1. The Backward OX
    Offline

    The Backward OX Senior Member

    Joined:
    Dec 29, 2007
    Messages:
    116
    Likes Received:
    0
    Location:
    Outback Queensland, Australia, far from the maddin

    ~ The End ~

    Discussion in 'General Writing' started by The Backward OX, Jun 30, 2009.

    I’m sure it’s been covered before but I was probably away that day. So, do you have any general principles you’d care to pass on, about ways to end a story?

    Thanks.
     
  2. Unit7
    Offline

    Unit7 Contributing Member Contributor

    Joined:
    Jun 13, 2009
    Messages:
    1,151
    Likes Received:
    59
    I like to leave my stories open to the possibility of sequels. Even if I never plan to touch the characters again, I always try and leave room for more. Unless its was always planned to be more then 1 book long, I tie up most loose ends. I might leave a few things left unsaid for the reader to think them over.
     
  3. amble
    Offline

    amble Member

    Joined:
    May 21, 2008
    Messages:
    41
    Likes Received:
    1
    I'm a fan of 'hanging' endings. Where you leave the possibility of caryying on, but also tempt the reader to make their own assumptions as well. Probably too much of a fan to be honest, in that I should try something different.

    I do like to make readers feel the story has ended, but there is scope to dip back in because there is something left to be expanded on.....weird, I can't really describe it properly :s
     
  4. Ragnar
    Offline

    Ragnar Contributing Member

    Joined:
    May 2, 2009
    Messages:
    968
    Likes Received:
    5
    Location:
    The Mental Abyss
    Here's what I do, I let it the stories end on their own accord. Perhaps this is a bad idea, but it's the only way I can imagine myself ending stories, at least the ones that have grasped some life of their own.

    As for the type of endings, it varies, but again, let the stories act themselves out, I don't think there can be a more fitting ending than the one the story chooses itself (through you).
     
  5. NaCl
    Offline

    NaCl Contributing Member Contributor

    Joined:
    Apr 30, 2008
    Messages:
    1,855
    Likes Received:
    58
    Plot resolution. Every plot has its own natural conclusion that, when it is reached, is self evident. In the case of sequences, each book must contain its own central plot that reaches a natural ending while carrying over the series theme from one book to the next. Kind of like writing about a war...one battle (book) at a time until the war is over.

    edit: just talked with a friend of mine who has several books in print. She said, "Conclusions are like orgasms. You'll know it when you get there."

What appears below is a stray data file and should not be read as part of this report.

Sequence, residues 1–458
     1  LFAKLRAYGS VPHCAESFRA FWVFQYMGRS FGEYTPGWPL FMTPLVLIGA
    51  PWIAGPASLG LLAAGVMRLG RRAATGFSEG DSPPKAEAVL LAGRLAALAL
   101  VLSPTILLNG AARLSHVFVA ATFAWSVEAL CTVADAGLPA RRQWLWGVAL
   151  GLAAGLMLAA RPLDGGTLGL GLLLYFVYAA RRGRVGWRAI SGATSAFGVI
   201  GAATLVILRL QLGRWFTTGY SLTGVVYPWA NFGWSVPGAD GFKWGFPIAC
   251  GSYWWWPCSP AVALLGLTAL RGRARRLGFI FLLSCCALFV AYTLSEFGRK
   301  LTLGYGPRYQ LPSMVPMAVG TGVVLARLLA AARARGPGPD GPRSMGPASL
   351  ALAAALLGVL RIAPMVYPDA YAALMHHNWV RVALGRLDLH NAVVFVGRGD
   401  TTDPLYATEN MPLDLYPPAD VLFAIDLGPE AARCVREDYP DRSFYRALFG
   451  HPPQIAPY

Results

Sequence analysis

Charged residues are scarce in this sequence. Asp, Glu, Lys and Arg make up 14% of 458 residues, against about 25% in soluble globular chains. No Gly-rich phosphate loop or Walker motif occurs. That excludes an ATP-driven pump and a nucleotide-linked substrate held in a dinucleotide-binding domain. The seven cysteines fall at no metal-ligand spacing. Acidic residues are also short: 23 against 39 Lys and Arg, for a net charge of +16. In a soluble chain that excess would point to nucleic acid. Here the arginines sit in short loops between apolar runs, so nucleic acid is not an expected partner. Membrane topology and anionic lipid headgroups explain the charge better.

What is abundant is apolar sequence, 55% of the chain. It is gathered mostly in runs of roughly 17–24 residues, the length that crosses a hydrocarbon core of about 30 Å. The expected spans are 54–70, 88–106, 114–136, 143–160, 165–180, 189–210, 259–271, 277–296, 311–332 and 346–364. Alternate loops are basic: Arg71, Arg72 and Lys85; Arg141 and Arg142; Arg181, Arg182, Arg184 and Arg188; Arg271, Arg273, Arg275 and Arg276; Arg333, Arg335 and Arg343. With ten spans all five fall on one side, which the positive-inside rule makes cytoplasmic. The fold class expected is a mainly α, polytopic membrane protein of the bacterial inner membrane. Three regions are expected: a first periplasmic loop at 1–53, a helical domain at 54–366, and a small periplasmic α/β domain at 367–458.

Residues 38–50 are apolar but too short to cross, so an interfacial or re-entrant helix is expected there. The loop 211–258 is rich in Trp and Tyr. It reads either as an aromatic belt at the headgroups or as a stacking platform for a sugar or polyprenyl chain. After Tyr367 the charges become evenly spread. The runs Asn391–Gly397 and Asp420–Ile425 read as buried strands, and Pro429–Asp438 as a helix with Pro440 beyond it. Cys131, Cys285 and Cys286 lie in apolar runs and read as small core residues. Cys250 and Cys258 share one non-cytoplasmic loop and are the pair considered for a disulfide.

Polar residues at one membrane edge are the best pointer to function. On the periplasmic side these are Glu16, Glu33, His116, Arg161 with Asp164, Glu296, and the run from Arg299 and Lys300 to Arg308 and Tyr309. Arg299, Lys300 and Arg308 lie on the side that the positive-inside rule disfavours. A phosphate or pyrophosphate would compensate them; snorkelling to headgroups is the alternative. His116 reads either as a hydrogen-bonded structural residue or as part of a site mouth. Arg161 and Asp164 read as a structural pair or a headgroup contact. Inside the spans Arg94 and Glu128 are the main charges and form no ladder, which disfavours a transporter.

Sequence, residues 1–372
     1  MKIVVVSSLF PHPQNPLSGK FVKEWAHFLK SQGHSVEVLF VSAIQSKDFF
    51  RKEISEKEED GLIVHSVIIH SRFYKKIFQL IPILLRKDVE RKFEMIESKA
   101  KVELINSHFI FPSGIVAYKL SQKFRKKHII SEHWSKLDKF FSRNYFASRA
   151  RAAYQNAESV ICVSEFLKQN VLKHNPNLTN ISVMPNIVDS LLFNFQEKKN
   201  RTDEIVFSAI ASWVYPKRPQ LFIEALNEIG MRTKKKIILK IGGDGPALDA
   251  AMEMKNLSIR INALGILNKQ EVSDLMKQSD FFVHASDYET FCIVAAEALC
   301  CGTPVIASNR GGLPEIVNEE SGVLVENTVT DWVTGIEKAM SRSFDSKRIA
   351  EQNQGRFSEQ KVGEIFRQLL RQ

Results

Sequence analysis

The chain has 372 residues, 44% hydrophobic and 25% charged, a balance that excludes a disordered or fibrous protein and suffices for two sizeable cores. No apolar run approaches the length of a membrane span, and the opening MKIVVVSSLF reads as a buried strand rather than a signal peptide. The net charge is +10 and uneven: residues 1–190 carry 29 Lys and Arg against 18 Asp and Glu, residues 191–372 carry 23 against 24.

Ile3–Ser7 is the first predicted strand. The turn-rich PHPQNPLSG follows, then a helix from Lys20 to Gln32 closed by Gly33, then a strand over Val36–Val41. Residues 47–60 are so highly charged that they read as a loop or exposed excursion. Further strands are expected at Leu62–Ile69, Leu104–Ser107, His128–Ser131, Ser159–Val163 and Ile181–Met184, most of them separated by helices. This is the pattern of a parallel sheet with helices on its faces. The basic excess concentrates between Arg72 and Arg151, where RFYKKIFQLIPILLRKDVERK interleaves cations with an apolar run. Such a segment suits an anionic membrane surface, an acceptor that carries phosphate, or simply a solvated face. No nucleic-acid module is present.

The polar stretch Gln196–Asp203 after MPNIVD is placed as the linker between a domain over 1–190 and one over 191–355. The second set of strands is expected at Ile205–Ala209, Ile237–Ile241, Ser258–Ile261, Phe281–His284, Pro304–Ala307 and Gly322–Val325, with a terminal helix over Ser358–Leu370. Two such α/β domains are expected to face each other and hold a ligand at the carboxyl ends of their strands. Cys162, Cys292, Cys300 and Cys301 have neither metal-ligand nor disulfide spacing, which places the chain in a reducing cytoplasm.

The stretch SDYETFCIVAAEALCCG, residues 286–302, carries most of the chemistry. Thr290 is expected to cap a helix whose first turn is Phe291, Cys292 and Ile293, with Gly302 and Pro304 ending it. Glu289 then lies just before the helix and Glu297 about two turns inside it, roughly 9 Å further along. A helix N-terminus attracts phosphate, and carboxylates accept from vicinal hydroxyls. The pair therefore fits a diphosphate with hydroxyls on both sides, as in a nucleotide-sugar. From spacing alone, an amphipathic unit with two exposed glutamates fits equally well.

6. Cogito
    Offline

    Cogito Former Mod, Retired Supporter Contributor

    Joined:
    May 19, 2007
    Messages:
    35,935
    Likes Received:
    2,043
    Location:
    Massachusetts, USA
    It really depends on the story. Some are better with full closure, others are better with messy or disturbing loose ends.
     
  7. Show
    Offline

    Show Contributing Member Contributor

    Joined:
    Jul 25, 2008
    Messages:
    1,495
    Likes Received:
    30
    I don't think any one type of ending should be used. Use an ending that fits.

    With thrillers, cliffhanger endings can be effective, as can twist endings.

    Sometimes ambiguous endings work.

    And sometimes, it's just best to give a conclusion that doesn't try to be shocking. The characters resolve the conflict and while they may not live happy ever after, they live, they move on with life and the challenges that will await them in the future. Sometimes a simple ending like that is best.
     
  8. ManhattanMss
    Offline

    ManhattanMss Contributing Member

    Joined:
    May 14, 2009
    Messages:
    626
    Likes Received:
    14
    To borrow from your Terry Pratchett quote, how 'bout: "In the end it imploded, and then there was everything."

    Actually, that's only half in jest. In a way that's how I like to feel at the end of a great novel.
     
  9. architectus
    Offline

    architectus Banned

    Joined:
    Aug 19, 2008
    Messages:
    1,796
    Likes Received:
    14
    Location:
    Ca
    The major questions should be answered, otherwise I feel ripped off.
     
  10. starseed
    Offline

    starseed Contributing Member

    Joined:
    Apr 23, 2009
    Messages:
    293
    Likes Received:
    2
    My book has a hanging ending. The whole book is about the 6 months of a characters life before he leaves on an indefinite trip to India. The final scene is him leaving for the airport.
    Actually now that I think about it, that's not really a "hanging ending". But it does leave it open for a sequel if I choose to write one (probably not).
     
  11. Cogito
    Offline

    Cogito Former Mod, Retired Supporter Contributor

    Joined:
    May 19, 2007
    Messages:
    35,935
    Likes Received:
    2,043
    Location:
    Massachusetts, USA
    Not necessarily. I believe leaving the reader with something to think about, and even discuss with friends, can be very powerful. Consider Stockton's The Lady or the Tiger.
     
  12. Savoto
    Offline

    Savoto New Member

    Joined:
    Jul 1, 2009
    Messages:
    6
    Likes Received:
    0
    Location:
    Georgia
    I like endings that fit with the general/logical feel of the story. If its the only logical way to end the story then I'm fine with it. Most of my stories have a "The End" type of endings. Everything has been said and done. The end.

    The only type of ending that I dislike is cop-out endings. They usually feel uncomfortable and leave the reader feeling cheated.
     

Share This Page